Tig Welding Carbon Steel parts using pulse and without pulse

 Tig welding carbon steel motorcycle oil filter canisters today at Roy Crumine's shop.

These are fairly simple parts but there is one requirement for zero melt thru that requires some attention.

There is a washer on one end of the part that is only .038”  thick.

who knows why? but that is less than 1mm thick and it is welded to a much thicker fitting.

So the solution was to not use filler metal and to use pulse settings of around 2pps, 20% pulse time, and 20% background current.

Pulse settings with low background current and low pulse time are helpful when you are trying to limit heat input on.



The round welds are being done using a positioner and Roy has a MK Cobra turn on loan along with his Atlas positioner he got off Ebay.

Here is a tip for when you use a positioner

And its based on manual welding speeds.  

After watching lots of really good tig welders, I have noticed most of them add rod about once per second….

and they progress the torch about 1/8” (3.2mm) per second too.

If you think about it, thats a pretty simple formula.

1/8” per second is travel speed.  or 60/8 per minute whick equals 7.5 inches per minute.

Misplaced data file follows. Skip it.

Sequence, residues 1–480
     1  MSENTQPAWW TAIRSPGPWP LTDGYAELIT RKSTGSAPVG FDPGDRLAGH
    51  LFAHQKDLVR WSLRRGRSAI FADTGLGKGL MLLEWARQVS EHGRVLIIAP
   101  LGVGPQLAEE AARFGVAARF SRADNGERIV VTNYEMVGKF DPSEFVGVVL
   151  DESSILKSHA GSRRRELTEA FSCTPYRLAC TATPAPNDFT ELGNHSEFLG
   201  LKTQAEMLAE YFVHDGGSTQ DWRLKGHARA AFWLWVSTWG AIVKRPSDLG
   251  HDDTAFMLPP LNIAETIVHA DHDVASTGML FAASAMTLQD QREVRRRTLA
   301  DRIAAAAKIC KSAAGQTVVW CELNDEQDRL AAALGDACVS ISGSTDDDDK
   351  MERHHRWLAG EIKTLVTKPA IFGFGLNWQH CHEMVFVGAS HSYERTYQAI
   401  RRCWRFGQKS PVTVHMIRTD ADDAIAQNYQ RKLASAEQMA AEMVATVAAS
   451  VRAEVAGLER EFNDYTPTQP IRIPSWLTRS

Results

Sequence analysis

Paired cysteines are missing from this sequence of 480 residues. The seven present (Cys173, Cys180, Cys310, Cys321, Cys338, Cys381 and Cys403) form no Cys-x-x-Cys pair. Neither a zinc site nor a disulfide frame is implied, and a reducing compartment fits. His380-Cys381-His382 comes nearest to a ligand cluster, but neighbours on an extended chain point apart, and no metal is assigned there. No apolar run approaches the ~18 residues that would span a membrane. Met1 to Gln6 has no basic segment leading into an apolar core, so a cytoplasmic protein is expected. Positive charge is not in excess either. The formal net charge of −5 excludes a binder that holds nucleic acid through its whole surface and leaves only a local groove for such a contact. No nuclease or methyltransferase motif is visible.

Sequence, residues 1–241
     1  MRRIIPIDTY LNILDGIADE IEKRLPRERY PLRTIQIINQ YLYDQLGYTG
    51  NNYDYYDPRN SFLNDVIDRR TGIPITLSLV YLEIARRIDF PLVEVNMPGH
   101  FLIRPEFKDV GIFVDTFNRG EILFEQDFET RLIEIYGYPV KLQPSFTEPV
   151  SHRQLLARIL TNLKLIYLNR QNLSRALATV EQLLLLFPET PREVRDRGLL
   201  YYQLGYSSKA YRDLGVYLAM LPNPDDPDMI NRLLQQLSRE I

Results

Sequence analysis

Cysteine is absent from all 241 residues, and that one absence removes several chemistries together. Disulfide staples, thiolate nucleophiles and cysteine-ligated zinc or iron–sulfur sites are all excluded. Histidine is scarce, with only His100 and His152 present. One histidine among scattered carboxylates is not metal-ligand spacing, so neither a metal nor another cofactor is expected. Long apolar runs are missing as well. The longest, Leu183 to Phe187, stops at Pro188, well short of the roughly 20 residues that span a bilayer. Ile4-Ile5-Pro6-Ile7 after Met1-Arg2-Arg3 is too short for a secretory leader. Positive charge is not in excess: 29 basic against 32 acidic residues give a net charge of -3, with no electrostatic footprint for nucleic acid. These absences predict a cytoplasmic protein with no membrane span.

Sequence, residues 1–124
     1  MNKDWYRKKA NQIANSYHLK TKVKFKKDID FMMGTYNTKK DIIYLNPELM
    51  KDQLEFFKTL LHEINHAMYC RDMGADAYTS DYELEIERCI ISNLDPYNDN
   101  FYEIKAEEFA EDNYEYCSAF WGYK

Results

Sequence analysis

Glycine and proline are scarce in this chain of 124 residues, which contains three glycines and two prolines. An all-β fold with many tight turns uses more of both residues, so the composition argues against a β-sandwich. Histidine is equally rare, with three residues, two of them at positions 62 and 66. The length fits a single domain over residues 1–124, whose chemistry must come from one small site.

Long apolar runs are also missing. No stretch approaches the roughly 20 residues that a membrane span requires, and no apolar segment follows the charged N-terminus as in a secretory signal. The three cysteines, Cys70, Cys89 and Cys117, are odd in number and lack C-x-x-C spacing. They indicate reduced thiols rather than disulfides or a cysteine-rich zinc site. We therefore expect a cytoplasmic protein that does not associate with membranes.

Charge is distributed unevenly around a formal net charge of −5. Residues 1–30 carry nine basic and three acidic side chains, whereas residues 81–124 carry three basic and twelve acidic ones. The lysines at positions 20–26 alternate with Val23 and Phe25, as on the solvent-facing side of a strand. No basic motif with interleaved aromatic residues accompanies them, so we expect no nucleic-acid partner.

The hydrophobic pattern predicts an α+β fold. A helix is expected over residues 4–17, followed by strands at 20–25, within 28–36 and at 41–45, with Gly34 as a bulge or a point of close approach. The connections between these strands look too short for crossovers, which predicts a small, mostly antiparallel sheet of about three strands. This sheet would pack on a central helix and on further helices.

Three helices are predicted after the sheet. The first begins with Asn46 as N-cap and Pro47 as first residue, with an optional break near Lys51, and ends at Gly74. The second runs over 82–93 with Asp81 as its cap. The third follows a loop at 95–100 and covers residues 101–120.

But all you need to do to get a good starting point is mark off a piece a tape in 1/8” increments.

then wrap the tape on the part you are about to weld and set the positioner to a speed where one of those marks passes a fixed point every second.

If you have a digital readout you can always translate the diameter of your round part into circumference using  pi 3.14  …so a one inch part will be 3.14 of weld.  so it would take 2 rpm to reach 7.28.

and 2 rpm is exactly the speed used on the once inch round weld in this video.

These parts are housings for a motorcycle oil filter and there is a seating surface underneath the first fitting you saw welded in the video.  

that means no melt thru is allowed…

It would seem that going to a thicker washer would have been a easy fix on these parts but that was not an option for Roy…he had to use what the customer specified.


Aluminum backer bar helps prevent melt thru for tig welding carbon steel, or stainless steel

But because of the zero melt thru requirement, a piece of aluminum backing was used and it actually worked very well  ( along with pulse settings of 2pps, 20% pulse time, and 20% background current.)

For the stationary welds, filler wire was used (.030” er70s2) and no puse current was needed.

Furick #12 pyrex cup for tig welding carbon steel, stainless, inconel, and even titanium

Read an old article about using large tig cups here

You dont always need great argon coverage and a long stickout....

but sometimes you do.

For tig welding 4130 chromoly, stainless, inconel, and titanium, this cup is a great choice.

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